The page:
Confessional Lutheran theology, hagiography, philosophy, music, culture, sports, education,
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Olympic Struggles, Olympic Peace
"Citius. Altius. Fortius.
— Faster. Higher. Stronger." That's the motto of the Olympic Games. When the modern Games were first established, the man responsible for their revival was looking for an appropriate theme. He left us with a sense of unfinished business.
The Games don't approach us with a "been there, done that" attitude. They don't seek to find a peak level of performance and stay with it. We aren't promised the "fastest, highest, strongest" athletes. No, the Olympic spirit seeks always to better previous efforts. It may be one man struggling to top another's world record. It may be one girl reaching deep into her inner resources to exceed her personal best.
The life of the Christian on earth is parallel to this struggle to exceed. While content with our life in Christ, his Word and Spirit compel us to try harder to live according to His will. All of life becomes our Olympics, and Christians are invited to lay everything on the line for the Lord.
God doesn't call us to be couch potatoes. After saving us, He puts us on His "track" — the straight path to our heavenly home. More than any coach or trainer, He's with us every step of the way as we struggle, not against other athletes, but against "against the rulers, against the authorities, against the cosmic powers over this present darkness, against the spiritual forces of evil in the heavenly places, (Eph 6:12)" against the forces of Satan himself. We know that victory is already assured for those who believe in salvation through the merits of Jesus Christ. We now push to excel as disciples of our Savior.
This is in keeping with what Ephesians 2:8-10
tells us. Salvation is a gift of God, but in salvation we are converted into God's workmanship to do God's tasks. We live and give as Christians because we are celebrating the end of the race even as we still run it. The prize is already in our possession: We are children of the heavenly Father and heirs of the kingdom.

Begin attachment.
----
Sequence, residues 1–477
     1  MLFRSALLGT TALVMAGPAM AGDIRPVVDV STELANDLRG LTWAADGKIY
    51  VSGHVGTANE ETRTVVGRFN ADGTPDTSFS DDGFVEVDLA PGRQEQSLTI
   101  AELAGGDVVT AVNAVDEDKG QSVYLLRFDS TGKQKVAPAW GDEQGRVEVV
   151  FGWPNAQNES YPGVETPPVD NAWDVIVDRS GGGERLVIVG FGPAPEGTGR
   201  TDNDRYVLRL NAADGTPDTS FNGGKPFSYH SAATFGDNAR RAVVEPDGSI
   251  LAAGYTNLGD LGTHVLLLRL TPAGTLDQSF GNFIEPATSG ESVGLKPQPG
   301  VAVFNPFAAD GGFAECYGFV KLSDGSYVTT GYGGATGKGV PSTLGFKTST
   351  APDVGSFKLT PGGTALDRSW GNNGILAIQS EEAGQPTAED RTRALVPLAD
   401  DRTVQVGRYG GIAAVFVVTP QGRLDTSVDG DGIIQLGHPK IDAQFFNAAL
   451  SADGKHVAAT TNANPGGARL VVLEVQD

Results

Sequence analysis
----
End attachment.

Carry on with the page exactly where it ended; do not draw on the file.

Now we "fight the good fight. (1 Tim 6:12)" We "press on toward the goal for the prize of the upward call of God in Christ Jesus. (Phil 3:14)" We wrestle with our own weaknesses, finding strength in Word and Spirit. Like boxers, we beat our flesh into shape. Our training table is the Lord's Supper — the Supper of Champions — where His body and blood give us nutrition perfectly balanced for our needs. This Supper also reminds us of our ultimate dinner, when we will dine in the heavenly courts, at the Victor's table forevermore.
Even in this life, in the midst of our Olympian struggles, we already have a gift promised by the Games, yet never fully realized — the gift of peace
. Already in ancient times, wars ceased and athletes received safe passage. Again in our time, the Olympics promise a peaceful gathering, and look to the end of non-athletic struggle on earth.
Yet nothing on earth gives or allows us to earn true peace. The slaughter of the Israeli Olympic athletes in 1972 is but one blatant example of how peaceful gatherings do not necessarily indicate true peace. Even as these games continue, so do wars and rumors of war. Nation still rises against nation, and family member against family member. Crime continues. Corruption remains. Cancer kills. On and on reads this litany of horrors.
The only way the effects of these evils are interrupted is through the "the peace of God, which surpasses all understanding (Phil 4:7)" This peace which Jesus gives is not of the world, nor like it. It flows into contentment in knowing that Christ is in control of our lives. It allows us to hand over our anxieties to the One who cares for us (see 1 Peter 5:7
). Death itself cannot scare or stop us, for we continue on into life eternal. In an Easter hymn we sing, "The strife is o'er, the battle's won." Believers are made part of the peace won on Calvary and delivered from a grave burst open.
We carry on with uplifted hearts and consecrated minds and bodies. We are certain of our "Olympic gold," our crown of everlasting life. The lives of the saints involve heaping awards and honors upon the true Victor. All praise, honor, and glory go to Jesus Christ, who is decorated as the One who won it all. Together we — with all the saints, with all the company of heaven — continue to "Crown Him with Many Crowns."
[Scripture quoted from the English Standard Version